8 recovery tips to incorporate into your day-to-day
1. Programme in your rest
This one’s important. “Factor in rest days throughout your week and de-load weeks (e.g. less volume, less weight, less intensity) throughout your training programme,” advises Wallace. That way, you’ll recover without even having to think about it.
2. Make sleep a priority
Simple, but key, making sleep a priority is KEY for recovery. “Aim to get good quantity – that’s 7-9 hours – and quality by implementing usual sleep hygiene strategies,” she recommends.
3. Focus on your recovery nutrition
Ever thought about why your body needs calories? Largely to grow, repair, and recover.
“In addition to calories, we need sufficient protein to build and repair muscle and carbohydrates to fuel training and, afterwards, replenish glycogen stores,” expains Wallace. “Finding the sweet spot for carb intake will depend on the type and intensity of your training,” she continues.
If you’re training at a higher intensity, you’ll need higher carbohydrate intake, too, and fat is also an important fuel and is essential for normal functioning of the body.
4. Work out what recovery strategies work for you
There’s so much to choose from, it can feel overwhelming, but the simplest thing you can do is try a few and workout what works for you. Try the following:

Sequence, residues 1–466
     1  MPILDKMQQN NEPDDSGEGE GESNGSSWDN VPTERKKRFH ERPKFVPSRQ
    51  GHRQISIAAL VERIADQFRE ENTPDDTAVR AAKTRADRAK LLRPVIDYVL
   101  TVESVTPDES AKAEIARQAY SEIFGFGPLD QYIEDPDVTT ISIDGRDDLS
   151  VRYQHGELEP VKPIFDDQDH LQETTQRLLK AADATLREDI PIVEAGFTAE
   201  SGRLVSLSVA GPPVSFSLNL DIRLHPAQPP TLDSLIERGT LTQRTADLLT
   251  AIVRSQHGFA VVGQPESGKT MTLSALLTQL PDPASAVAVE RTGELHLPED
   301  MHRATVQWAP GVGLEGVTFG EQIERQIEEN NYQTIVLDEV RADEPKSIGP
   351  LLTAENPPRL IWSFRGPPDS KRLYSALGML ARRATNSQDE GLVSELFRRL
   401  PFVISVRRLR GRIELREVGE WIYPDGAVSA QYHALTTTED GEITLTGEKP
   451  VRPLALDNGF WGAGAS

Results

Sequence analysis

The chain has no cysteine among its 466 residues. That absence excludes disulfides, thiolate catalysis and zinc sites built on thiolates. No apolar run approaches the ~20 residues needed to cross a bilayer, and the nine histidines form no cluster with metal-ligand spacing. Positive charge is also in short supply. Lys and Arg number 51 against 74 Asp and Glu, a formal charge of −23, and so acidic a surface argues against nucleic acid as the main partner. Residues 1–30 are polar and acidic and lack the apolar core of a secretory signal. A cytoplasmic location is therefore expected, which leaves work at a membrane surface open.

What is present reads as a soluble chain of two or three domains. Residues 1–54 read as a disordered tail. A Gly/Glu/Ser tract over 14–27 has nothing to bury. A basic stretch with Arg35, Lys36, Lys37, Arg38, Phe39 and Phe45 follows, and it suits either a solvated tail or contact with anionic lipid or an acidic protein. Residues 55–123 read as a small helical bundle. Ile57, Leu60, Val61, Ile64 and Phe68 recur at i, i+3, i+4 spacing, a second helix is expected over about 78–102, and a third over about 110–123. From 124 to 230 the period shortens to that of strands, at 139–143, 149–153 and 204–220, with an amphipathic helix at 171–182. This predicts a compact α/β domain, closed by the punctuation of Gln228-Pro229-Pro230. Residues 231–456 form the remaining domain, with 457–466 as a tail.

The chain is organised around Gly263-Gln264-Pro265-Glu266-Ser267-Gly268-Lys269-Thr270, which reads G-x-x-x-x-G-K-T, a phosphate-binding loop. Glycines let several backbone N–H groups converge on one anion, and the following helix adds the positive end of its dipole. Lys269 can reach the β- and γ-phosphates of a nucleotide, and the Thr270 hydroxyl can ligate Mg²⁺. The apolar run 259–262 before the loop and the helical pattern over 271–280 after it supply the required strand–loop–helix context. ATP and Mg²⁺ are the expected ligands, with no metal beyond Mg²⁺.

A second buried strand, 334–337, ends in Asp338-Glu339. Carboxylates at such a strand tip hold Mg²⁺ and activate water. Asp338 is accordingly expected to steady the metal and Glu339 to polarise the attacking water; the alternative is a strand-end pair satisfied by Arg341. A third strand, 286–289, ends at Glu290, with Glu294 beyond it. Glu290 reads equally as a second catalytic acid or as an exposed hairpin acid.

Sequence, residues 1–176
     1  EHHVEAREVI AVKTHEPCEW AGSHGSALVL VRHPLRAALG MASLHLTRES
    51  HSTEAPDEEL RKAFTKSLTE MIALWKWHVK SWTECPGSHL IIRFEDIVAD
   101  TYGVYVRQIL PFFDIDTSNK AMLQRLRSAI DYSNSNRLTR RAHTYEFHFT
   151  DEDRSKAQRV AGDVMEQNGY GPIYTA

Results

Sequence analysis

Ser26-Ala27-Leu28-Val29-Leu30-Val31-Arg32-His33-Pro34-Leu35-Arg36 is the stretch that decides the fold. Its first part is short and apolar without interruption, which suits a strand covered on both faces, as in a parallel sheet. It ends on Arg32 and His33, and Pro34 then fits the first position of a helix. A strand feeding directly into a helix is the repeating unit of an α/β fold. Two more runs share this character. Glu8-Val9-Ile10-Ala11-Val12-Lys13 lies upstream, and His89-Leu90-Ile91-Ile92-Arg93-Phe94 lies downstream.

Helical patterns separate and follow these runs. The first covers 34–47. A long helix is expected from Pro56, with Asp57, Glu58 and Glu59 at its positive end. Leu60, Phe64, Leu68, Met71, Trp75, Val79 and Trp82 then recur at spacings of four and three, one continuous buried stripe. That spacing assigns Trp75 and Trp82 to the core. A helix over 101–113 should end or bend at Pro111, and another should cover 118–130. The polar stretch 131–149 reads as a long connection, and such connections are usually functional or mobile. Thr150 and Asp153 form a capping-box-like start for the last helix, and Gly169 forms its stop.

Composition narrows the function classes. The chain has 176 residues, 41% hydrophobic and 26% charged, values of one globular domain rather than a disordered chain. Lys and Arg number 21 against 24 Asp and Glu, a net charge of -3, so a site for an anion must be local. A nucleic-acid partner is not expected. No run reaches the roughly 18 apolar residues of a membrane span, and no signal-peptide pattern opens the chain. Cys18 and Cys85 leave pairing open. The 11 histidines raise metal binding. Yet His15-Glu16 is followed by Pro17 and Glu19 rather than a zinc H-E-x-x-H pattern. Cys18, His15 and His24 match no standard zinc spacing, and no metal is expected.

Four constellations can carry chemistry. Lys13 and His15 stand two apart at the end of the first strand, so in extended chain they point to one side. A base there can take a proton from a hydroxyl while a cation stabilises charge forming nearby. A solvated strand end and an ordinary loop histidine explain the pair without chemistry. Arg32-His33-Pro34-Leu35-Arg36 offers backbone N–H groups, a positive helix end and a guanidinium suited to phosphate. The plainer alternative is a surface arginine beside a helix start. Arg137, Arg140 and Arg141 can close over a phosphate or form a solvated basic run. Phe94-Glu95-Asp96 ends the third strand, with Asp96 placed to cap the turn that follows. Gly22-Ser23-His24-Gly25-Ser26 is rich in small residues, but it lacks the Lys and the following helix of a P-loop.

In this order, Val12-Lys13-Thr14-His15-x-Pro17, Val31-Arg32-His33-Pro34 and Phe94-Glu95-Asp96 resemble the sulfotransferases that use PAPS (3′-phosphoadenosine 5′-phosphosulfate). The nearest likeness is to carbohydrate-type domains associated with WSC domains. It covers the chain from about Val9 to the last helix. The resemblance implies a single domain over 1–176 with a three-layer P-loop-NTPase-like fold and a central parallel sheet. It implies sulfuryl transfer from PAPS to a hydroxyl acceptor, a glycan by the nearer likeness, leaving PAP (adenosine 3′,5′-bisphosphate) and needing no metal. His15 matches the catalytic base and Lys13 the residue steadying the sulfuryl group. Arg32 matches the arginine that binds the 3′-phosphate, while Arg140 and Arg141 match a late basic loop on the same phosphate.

Do note here, though: Wallace warns that the above will do very little if you’re not getting enough sleep or the right nutrition.
5. Try up your mobility
This ten minute video from Joe Wicks demonstrating his hip mobility routine will help. Give it a go!
6. Don’t skip a nap
“Naps prior to 2 pm will amplify recovery during hard training blocks,” shares Holmes.
7. Manage your stress
Another key recovery factor? Managing your stress levels. “This is critical,” explains Holmes. Not sure where to start? “Slow-paced breathing is a game-changer for recovery,” she adds.
8. Take a step back
And finally, don’t be afraid to take a step back. “It’s easy to feel like you need to work harder if you’re not seeing the results you were expecting – people end up over-training and under-recovering,” shares Wallae.
Try this: Sometimes taking a step back from training and really focusing on what’s happening with your sleep, nutrition, and stress management can help you make the progress you need.
How do athletes train so much?
Look at it this way. There’s a reason even elite athletes don’t workout every single day – because if they did, they’d likely end up injured or seriously fatigued. When you work out, you’re using your muscles. When resting and recovering, you’re giving them adequate time to repair and build back stronger.
As Holmes puts it, if workout volume and intensity exceed your “capacity”, your body will break down. “This can cause fatigue, decreased immune function, sleep issues, inflammation, edema, stiffness, soreness, and worst case, depression,” she explains. Not to mention much higher risk of injury as a result.
Fun fact: most athletes track their recovery closely, with the help of tech like WHOOP. “Most elite athletes use data to understand their internal capacity to take on stress and strain, and then know when to pull back and when to go hard as a result – they are not guessing,” she explains.